Sviatlana Tsikhanouskaya, Lukashenko’s main opponent in the August election, who moved to Lithuania days after the vote fearing for her safety, said she had taken the same flight as Protasevich, from Athens to Vilnius, one week before he did.

“A regime has emerged in the center of Europe that openly spits on all norms and rules, transforming Belarus into a black spot,” she said.


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Sept. 14, 2020

Krasulin, who is also living in Vilnius now, shudders as he recalls his arrest Aug. 11. He had tried to help a protester hit by a police rubber bullet when he was dragged into a police van, where he and others were beaten with clubs. Officers singled him out because of his looks, he said.

“They clearly didn’t like my long hair — they were beating me and threatened to rape me with a truncheon, but first they decided to cut my hair,” he said. “They raised me by the hair and cut it with an army knife.”

The beatings continued in jail, where Krasulin and hundreds of others were kept for 24 hours without food or water, packed in a cell that had six beds for 40 people. He was denied access to a lawyer and sentenced to 11 days in jail.

After his release, he allowed doctors to document the marks on his body from the beatings. Nine months later, he still suffers from neck pain due to nerve damage.

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Krasulin demanded that Belarusian authorities investigate the beatings and threats by security forces. Instead, they opened a case against him on charges of involvement in protests, and he fled to Lithuania.

A day after Protasevich’s arrest, the dissident journalist was shown on Belarusian state television confessing to organizing disturbances. His mother said his nose appeared to have been broken and heavy makeup applied to his face to cover up bruises, and his father said the confession probably was coerced.


“Protasevich’s demonstrative arrest was intended to remind journalists and bloggers who have fled the country that the KGB has long hands, and it’s too early for them to relax,” said lawyer Siarhej Zikratski, referring to the Belarusian state security agency, which still goes by its Soviet-era acronym.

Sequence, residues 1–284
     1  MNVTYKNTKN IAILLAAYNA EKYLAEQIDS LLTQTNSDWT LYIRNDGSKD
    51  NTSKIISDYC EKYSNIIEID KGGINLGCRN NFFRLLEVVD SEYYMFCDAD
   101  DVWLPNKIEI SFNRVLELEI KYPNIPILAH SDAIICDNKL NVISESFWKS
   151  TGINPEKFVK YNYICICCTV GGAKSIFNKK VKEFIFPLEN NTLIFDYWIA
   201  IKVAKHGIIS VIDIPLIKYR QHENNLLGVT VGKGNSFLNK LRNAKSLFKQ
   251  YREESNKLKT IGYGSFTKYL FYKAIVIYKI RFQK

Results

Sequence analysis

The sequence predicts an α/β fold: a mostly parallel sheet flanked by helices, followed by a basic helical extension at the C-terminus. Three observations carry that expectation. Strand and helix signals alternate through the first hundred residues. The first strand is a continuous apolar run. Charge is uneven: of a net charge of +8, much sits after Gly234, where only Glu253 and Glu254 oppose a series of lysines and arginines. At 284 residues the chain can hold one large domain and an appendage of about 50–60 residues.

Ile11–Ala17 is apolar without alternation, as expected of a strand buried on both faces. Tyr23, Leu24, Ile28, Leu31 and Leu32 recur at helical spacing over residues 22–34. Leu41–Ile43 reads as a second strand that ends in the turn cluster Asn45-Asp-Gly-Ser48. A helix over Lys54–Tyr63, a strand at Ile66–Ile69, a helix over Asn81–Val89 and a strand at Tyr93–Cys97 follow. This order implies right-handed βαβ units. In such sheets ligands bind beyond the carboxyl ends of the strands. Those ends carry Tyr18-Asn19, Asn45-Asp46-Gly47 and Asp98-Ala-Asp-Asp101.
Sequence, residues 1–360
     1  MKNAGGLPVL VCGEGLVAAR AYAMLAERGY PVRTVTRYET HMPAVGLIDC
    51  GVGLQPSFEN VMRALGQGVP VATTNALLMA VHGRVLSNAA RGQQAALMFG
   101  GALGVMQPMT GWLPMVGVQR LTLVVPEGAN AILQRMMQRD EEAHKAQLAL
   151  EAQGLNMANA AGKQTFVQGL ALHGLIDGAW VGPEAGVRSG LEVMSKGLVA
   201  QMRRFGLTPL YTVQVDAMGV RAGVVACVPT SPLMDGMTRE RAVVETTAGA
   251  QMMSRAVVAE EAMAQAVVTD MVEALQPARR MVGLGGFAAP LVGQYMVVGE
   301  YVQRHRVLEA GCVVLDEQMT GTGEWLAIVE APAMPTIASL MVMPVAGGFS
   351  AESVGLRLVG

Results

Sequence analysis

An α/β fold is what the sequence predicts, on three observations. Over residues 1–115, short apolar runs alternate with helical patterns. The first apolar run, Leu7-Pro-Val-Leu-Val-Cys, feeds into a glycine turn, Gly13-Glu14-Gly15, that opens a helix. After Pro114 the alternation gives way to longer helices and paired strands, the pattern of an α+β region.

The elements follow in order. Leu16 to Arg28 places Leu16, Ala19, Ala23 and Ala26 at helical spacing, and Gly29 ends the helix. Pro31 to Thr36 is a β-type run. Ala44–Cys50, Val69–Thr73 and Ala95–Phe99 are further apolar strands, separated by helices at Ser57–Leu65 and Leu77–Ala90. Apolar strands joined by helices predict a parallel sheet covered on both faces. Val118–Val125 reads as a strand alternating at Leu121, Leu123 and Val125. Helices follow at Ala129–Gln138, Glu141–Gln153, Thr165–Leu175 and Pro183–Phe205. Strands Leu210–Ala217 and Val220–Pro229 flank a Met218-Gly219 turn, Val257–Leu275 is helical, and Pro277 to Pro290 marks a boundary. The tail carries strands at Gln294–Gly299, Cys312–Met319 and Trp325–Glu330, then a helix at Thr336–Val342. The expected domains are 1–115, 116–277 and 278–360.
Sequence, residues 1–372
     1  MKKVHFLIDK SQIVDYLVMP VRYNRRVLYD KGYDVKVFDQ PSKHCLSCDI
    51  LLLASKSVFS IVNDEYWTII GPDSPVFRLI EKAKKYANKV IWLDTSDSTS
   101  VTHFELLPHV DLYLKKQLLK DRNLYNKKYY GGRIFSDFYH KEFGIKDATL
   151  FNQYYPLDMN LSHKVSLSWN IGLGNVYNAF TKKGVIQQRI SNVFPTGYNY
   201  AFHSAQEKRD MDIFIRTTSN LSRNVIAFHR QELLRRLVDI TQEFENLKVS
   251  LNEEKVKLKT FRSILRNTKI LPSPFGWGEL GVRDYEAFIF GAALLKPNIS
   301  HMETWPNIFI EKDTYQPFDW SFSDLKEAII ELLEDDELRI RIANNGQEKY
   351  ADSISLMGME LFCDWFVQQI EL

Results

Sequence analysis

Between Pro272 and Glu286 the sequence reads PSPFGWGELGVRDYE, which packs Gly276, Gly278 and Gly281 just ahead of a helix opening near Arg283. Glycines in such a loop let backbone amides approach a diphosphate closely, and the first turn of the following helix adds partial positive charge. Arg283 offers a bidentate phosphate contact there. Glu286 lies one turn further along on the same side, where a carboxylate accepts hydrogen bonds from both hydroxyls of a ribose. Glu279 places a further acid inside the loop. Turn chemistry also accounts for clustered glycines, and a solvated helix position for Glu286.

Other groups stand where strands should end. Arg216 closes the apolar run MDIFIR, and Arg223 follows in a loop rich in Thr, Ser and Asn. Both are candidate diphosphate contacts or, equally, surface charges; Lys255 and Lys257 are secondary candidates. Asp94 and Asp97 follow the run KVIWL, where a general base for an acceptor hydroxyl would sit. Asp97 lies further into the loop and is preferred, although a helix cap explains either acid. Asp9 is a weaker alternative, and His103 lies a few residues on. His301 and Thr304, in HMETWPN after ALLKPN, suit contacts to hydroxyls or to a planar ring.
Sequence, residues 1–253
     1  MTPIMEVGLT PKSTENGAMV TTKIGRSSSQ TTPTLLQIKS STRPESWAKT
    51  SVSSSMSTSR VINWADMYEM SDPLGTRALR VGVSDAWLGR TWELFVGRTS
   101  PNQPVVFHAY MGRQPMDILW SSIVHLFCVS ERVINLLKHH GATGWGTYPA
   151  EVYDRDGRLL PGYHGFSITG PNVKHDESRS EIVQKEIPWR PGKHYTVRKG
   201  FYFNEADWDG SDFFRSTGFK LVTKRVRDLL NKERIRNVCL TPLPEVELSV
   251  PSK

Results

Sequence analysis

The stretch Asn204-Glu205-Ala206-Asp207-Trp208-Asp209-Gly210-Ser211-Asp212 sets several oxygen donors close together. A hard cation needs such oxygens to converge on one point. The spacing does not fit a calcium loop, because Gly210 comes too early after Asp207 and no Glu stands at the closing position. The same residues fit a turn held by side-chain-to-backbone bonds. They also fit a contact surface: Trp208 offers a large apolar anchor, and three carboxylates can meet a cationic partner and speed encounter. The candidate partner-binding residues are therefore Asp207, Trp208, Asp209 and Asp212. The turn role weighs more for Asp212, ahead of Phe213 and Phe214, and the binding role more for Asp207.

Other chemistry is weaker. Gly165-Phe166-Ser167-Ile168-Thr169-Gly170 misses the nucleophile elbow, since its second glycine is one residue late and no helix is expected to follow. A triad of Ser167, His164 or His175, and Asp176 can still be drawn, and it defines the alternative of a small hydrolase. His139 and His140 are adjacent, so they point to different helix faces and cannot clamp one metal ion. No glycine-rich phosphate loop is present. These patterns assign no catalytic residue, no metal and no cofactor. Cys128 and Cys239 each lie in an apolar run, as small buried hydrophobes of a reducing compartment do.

Zikratski, who defended Belarusian journalists targeted by the authorities, fled to Vilnius this month with his wife and two daughters after being stripped of his law license.

“What is going on in Belarus can be called a legal default — laws no longer work there,” he said. “Today a lawyer risks finding himself in the same cell with his clients simply for carrying out his professional duties.”

Protasevich’s 23-year-old Russian girlfriend, Sofia Sapega, who was taken off the jet and arrested with him, was studying at the European Humanities University in Vilnius. Sapega also was shown on Belarusian TV confessing to investigators while in custody.

Milta, the university representative, said Belarusian TV showed a faked title page of Sapega’s thesis indicating that it was about using messaging apps to compile personal data on police officers. Her real topic, he said, was marriage laws.

“Such KGB methods give an impression [of] what Belarusians have to face on daily basis,” Milta added.

He noted that the EU decision to bar Belarusian airlines from the bloc’s airspace and airports would make it harder for Belarusians to leave the country.

Thousands of retirees rally in the Belarusian capital of Minsk to demand the resignation of the country’s longtime authoritarian president.

Oct. 20, 2020

After Belarusian authorities restricted land travel amid protests in the fall, air links became the only way out. The EU move will further limit options for people eager to leave.

“Millions of Belarusians can’t leave, and they have practically become Lukashenko’s hostages,” said Krasulin, who makes a living by repairing church organs and occasionally working in construction.


He hopes to return to Belarus someday.

“This absurdity in the center of Europe can’t last forever,” Krasulin said.